The Ulster Rally was first ran in 1976. It’s unique selling point has consistently been that it is the only event to host both the British and Irish international series and attract future World championship contenders to the roads of Northern Ireland.
Current World Champion Sebastien Ogier and former World Champions Walter Rohrl, Stig Blomqvist, Tommi Makinen and Colin McRae have all competed on Ulster’s roads, while current Citroen team driver Kris Meeke won the event in 2007.
The 2017 event will again be based in Derry/Londonderry with reconnaissance available either the weekend before on the Thursday of rally week. Running late into Friday night before a full day of competition on Saturday this is the only time the British Rally Championship competitors get to take their Irish counterparts on head-to-head.
What happened in 2016.
The penultimate round in 2016 witnessed a champions’ drive from Elfyn Evans and Craig Parry on the lanes around Derry/Londonderry. To claim the title on the Ulster Rally, the Welsh pair had to win the event, an achievement they completed in fine style as they led from start-to-finish, but it wasn’t to be plain sailing for the WRC crew as they were pushed hard by triple BRC Champion Keith Cronin and co-driver Mikie Galvin in their Citroen DS3 R5.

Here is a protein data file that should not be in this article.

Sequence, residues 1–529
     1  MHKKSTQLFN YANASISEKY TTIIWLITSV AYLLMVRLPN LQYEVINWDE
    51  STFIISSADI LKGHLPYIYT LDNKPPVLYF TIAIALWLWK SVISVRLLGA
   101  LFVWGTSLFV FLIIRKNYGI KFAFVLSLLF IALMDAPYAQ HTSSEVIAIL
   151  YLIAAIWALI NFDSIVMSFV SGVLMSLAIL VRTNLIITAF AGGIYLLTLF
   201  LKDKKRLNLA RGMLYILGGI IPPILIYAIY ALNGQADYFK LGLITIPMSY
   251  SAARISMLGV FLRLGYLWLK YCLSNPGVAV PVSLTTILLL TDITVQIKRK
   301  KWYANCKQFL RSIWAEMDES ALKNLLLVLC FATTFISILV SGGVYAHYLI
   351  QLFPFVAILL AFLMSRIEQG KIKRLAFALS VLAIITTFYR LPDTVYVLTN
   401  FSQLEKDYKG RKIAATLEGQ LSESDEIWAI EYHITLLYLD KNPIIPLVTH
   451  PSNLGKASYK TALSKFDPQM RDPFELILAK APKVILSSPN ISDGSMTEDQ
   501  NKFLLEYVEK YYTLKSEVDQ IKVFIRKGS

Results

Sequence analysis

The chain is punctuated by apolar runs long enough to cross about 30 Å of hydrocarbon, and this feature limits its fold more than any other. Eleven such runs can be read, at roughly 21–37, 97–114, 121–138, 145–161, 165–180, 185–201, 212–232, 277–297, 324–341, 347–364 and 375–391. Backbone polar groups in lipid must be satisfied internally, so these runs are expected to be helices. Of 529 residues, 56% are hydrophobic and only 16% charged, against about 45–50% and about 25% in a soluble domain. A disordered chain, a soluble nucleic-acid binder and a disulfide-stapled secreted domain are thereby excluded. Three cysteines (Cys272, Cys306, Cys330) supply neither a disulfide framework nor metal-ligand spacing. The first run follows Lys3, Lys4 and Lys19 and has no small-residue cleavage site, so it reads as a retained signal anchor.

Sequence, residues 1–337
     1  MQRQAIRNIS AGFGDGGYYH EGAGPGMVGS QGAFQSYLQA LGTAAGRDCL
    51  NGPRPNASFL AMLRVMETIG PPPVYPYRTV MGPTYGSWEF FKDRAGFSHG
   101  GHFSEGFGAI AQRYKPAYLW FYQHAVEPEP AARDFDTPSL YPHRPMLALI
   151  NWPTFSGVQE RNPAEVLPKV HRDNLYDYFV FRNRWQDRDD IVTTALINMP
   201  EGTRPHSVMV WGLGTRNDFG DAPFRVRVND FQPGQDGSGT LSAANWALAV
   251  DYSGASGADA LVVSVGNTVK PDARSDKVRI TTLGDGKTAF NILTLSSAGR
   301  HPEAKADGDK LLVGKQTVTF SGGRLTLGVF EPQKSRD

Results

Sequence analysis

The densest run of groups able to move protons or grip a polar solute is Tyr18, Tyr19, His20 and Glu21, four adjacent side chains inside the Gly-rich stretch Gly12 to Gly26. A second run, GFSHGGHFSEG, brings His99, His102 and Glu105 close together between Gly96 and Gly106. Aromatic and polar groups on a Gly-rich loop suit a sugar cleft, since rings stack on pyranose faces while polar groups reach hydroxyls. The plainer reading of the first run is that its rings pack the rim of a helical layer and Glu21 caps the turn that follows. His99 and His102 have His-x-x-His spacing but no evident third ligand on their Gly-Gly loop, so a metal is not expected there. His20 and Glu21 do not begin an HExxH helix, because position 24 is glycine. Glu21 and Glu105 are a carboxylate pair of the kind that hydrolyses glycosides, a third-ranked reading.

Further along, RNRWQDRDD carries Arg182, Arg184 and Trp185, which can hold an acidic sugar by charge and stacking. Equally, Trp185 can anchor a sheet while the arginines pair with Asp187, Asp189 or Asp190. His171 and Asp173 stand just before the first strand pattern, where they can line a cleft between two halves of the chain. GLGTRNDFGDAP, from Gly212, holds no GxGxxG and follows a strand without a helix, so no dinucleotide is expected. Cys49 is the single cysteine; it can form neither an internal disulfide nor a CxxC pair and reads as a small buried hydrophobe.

The Irish pair had not been seen in the BRC since their early exit on the Circuit of Ireland – and they were out to make amends. Nestling into third was Cronin’s DGM stablemate Jonathan Greer, who used his Irish Tarmac knowledge to build a cushion ahead of David Bogie.
Eventual BRC Champion Evans and eventual Irish Champion Cronin were separated by a mere 4.5 seconds at the end of the first day, but problems struck the latter at the lunchtime service on day two. Gearbox and differential gremlins had worked their way into the DS3 R5, meaning Cronin had to leave service late with a stack of penalties. Fighting his way back, the Irishman recovered to fourth on his return to the series while Greer and Bogie rounded out the rostrum – both claiming their second podiums of the campaign.
Local star Greer details some of the challenges of the Ulster Rally:
“They are always good stages and offer everything – bumps, jumps, fast sections, smooth Tarmac and then really tight, technical sections.
“It’s great to have some night-time stages as well. We don’t get to do much in the dark nowadays and it is always a different atmosphere at night. You see the ‘hi-vis’ jackets of the marshals and spectators, the flash bulbs going off at junctions and it really focuses your driving. You only have this narrow window, highlighted by the spotlights in which to work and it drags you in.”
|Rally Guide 1|